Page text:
Trump, Bloomberg spend $10 million each on dueling Super Bowl ads
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Trump, Bloomberg spend $10 million each on dueling Super Bowl ads

US president and Jewish billionaire Democrat have both broken records for campaign spending, will air 60-second 2020 election spots during NFL championship game

This combination of pictures created on November 8, 2019 shows a file photo taken on May 15, 2019 of Michael Bloomberg, left, arriving to the opening celebration of the Statue of Liberty Museum on Liberty Island at the Statue Cruises Terminal in Battery Park in New York and a file photo taken on November 6, 2019 of US President Donald Trump speaking during a rally at the Monroe Civic Center in Monroe, Louisiana. (Kena Betancur and Mandel Ngan/AFP)
This combination of pictures created on November 8, 2019 shows a file photo taken on May 15, 2019 of Michael Bloomberg, left, arriving to the opening celebration of the Statue of Liberty Museum on Liberty Island at the Statue Cruises Terminal in Battery Park in New York and a file photo taken on November 6, 2019 of US President Donald Trump speaking during a rally at the Monroe Civic Center in Monroe, Louisiana. (Kena Betancur and Mandel Ngan/AFP)

Americans looking for an escape from the country’s politically charged environment won’t find it in next month’s Super Bowl.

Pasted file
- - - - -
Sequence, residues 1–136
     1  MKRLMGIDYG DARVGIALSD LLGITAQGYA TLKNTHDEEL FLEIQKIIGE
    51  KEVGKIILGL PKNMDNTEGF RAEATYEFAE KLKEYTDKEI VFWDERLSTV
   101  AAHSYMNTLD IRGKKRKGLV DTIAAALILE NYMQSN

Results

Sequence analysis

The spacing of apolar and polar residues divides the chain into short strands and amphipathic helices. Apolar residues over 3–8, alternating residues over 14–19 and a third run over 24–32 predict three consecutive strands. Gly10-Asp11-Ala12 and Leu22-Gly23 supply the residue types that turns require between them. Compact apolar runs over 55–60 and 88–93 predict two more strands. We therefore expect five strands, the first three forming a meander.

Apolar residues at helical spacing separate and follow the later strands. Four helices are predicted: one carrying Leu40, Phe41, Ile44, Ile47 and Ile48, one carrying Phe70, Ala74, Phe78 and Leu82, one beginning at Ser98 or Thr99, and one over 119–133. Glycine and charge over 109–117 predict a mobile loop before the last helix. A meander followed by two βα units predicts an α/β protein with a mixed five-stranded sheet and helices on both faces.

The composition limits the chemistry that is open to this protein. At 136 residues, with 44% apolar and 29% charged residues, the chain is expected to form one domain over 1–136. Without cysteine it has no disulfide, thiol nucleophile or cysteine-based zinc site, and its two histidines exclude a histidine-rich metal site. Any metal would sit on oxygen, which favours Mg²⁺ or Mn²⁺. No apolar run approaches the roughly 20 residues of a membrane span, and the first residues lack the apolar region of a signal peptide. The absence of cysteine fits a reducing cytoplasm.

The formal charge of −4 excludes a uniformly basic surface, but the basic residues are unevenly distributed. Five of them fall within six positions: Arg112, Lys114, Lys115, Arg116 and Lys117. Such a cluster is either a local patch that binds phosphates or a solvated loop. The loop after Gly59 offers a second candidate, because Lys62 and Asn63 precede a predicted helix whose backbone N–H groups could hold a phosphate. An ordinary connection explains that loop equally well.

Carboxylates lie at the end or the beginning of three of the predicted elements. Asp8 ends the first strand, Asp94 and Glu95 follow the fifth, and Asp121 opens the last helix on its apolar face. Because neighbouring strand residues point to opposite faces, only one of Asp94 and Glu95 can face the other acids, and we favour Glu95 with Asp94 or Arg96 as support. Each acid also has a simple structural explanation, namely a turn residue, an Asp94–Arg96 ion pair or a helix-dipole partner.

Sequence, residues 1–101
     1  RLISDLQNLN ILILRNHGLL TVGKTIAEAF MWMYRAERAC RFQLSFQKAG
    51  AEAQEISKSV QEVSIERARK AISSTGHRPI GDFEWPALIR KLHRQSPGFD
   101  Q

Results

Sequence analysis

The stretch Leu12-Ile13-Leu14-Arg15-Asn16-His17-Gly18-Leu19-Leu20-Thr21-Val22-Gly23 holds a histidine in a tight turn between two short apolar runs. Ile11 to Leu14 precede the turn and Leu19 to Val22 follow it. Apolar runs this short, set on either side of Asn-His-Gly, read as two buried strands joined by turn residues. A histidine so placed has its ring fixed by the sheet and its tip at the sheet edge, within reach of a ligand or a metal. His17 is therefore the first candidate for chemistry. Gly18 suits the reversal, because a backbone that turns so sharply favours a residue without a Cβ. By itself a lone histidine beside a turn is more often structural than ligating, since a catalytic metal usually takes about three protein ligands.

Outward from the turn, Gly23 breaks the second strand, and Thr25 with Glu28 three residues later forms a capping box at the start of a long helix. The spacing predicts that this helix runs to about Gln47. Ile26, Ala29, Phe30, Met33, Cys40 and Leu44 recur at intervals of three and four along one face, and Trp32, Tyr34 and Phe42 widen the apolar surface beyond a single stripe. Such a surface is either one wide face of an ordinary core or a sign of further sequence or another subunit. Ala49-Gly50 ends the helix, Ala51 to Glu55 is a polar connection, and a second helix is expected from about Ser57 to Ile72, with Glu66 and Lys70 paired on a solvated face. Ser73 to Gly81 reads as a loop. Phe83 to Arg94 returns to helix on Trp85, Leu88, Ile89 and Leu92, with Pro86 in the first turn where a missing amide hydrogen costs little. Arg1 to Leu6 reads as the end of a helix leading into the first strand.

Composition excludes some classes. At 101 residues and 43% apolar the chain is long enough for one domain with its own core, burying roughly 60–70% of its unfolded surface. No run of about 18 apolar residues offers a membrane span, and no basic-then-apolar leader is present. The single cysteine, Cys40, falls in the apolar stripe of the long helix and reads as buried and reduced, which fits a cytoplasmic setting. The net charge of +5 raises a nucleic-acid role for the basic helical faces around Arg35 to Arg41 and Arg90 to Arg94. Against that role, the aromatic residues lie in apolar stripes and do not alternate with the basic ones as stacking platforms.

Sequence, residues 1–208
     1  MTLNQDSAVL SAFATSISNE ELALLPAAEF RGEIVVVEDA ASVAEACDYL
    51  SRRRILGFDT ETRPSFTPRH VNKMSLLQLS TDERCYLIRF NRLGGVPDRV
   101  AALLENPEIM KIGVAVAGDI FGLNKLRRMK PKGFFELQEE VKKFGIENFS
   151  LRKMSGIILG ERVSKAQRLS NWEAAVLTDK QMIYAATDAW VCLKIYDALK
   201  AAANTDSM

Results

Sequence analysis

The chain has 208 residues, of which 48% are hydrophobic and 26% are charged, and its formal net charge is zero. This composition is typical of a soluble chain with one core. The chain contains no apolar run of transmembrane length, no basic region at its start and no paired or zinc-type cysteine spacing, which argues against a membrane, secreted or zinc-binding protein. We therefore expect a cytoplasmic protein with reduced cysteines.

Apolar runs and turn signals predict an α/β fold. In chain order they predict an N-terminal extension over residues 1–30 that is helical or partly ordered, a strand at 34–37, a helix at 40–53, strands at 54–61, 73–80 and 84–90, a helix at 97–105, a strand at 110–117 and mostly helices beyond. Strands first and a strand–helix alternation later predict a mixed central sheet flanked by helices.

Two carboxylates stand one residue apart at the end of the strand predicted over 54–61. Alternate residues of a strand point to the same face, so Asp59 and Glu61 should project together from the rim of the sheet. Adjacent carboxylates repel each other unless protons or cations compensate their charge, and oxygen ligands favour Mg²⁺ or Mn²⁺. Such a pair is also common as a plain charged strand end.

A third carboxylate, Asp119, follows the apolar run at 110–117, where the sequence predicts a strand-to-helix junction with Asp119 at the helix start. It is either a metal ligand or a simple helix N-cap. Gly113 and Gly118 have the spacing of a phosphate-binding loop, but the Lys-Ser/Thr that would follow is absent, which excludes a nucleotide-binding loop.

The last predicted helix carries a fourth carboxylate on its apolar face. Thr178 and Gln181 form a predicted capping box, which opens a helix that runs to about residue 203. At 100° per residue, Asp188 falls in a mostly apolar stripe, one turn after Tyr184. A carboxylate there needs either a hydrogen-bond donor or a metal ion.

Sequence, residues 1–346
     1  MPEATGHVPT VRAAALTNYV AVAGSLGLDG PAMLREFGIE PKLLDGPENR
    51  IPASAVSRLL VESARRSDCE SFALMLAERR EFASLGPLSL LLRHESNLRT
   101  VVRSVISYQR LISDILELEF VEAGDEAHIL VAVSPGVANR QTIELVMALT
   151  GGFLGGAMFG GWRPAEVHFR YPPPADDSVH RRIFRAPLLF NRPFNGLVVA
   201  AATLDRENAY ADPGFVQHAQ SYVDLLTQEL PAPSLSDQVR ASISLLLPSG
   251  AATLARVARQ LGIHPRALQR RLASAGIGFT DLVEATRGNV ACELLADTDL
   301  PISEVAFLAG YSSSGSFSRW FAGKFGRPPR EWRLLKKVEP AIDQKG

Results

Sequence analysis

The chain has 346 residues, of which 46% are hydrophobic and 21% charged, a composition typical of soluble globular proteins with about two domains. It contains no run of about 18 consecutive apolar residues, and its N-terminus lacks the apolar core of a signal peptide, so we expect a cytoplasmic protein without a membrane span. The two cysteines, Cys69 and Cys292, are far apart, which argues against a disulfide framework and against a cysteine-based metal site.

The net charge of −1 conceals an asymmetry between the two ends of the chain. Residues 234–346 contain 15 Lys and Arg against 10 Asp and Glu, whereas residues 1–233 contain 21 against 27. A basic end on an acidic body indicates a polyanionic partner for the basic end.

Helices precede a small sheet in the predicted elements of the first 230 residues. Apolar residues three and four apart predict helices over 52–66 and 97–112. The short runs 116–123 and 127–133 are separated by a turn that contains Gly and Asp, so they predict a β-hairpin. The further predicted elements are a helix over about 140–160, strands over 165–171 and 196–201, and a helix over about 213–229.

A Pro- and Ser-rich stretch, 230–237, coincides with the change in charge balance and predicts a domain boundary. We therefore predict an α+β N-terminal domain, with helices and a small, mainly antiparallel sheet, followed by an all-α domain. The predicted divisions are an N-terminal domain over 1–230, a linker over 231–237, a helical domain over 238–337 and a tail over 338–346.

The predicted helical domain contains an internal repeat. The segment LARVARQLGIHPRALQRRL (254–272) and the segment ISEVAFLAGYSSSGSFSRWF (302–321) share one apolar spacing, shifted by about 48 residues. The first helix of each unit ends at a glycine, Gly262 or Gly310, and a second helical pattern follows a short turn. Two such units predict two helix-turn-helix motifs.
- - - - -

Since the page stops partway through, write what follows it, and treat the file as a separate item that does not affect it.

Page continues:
Dueling ads from US President Donald Trump and former New York City Mayor Michael Bloomberg are set to run during the NFL championship game. Both presidential campaigns announced the ad reservations for 60 seconds of airtime hours apart Tuesday for the February 2 game — just two days before the first-in-the-nation Iowa caucuses.

The Trump campaign has for months been in talks for ad time with Fox, the network broadcasting the game. It formally reserved the time in December and paid the network the roughly $10 million fee last week.

“President Trump made the unprecedented decision to keep the campaign open following his first election, which allows us to do things like buying a Super Bowl ad,” said Tim Murtaugh, the Trump campaign’s communications director.

Trump’s campaign also ran a commercial during last year’s World Series in baseball that highlighted the raid that killed Islamic State leader Abu Bakr al-Baghdadi.

Mercedes-Benz Stadium is lit up ahead of the NFL Super Bowl 53 football game between the Los Angeles Rams and the New England Patriots in Atlanta, on February 2, 2019. (AP/David Goldman)

The Bloomberg campaign said it decided on a Super Bowl ad once the Republican president’s intentions were clear, adding that the wide audience for the game fits its national delegate strategy. The Democrat is skipping the early four contests to focus on the delegate-rich March 3 Super Tuesday states, wagering that his primary opponents won’t have the resources to compete nationwide.

Bloomberg’s ad has also cost $10 million, US media reported Wednesday.

“The biggest point is getting under Trump’s skin,” said campaign spokesman Michael Frazier. “The ad is part of Mike’s strategy of running a national campaign that focuses on states where the general election will be decided, parts of the country that are often overlooked.”

Trump’s campaign has set fundraising records, saying last week that it raised $46 million in the last quarter of 2019 and had $102.7 million on hand as the election year began. The billionaire Bloomberg, meanwhile, has already spent more than $100 million of his own money on advertising and hired a staff of about 800 in the less than two months he’s been in the race.

Murtaugh said the Trump ad will air during the early part of the game, when viewership is typically highest.

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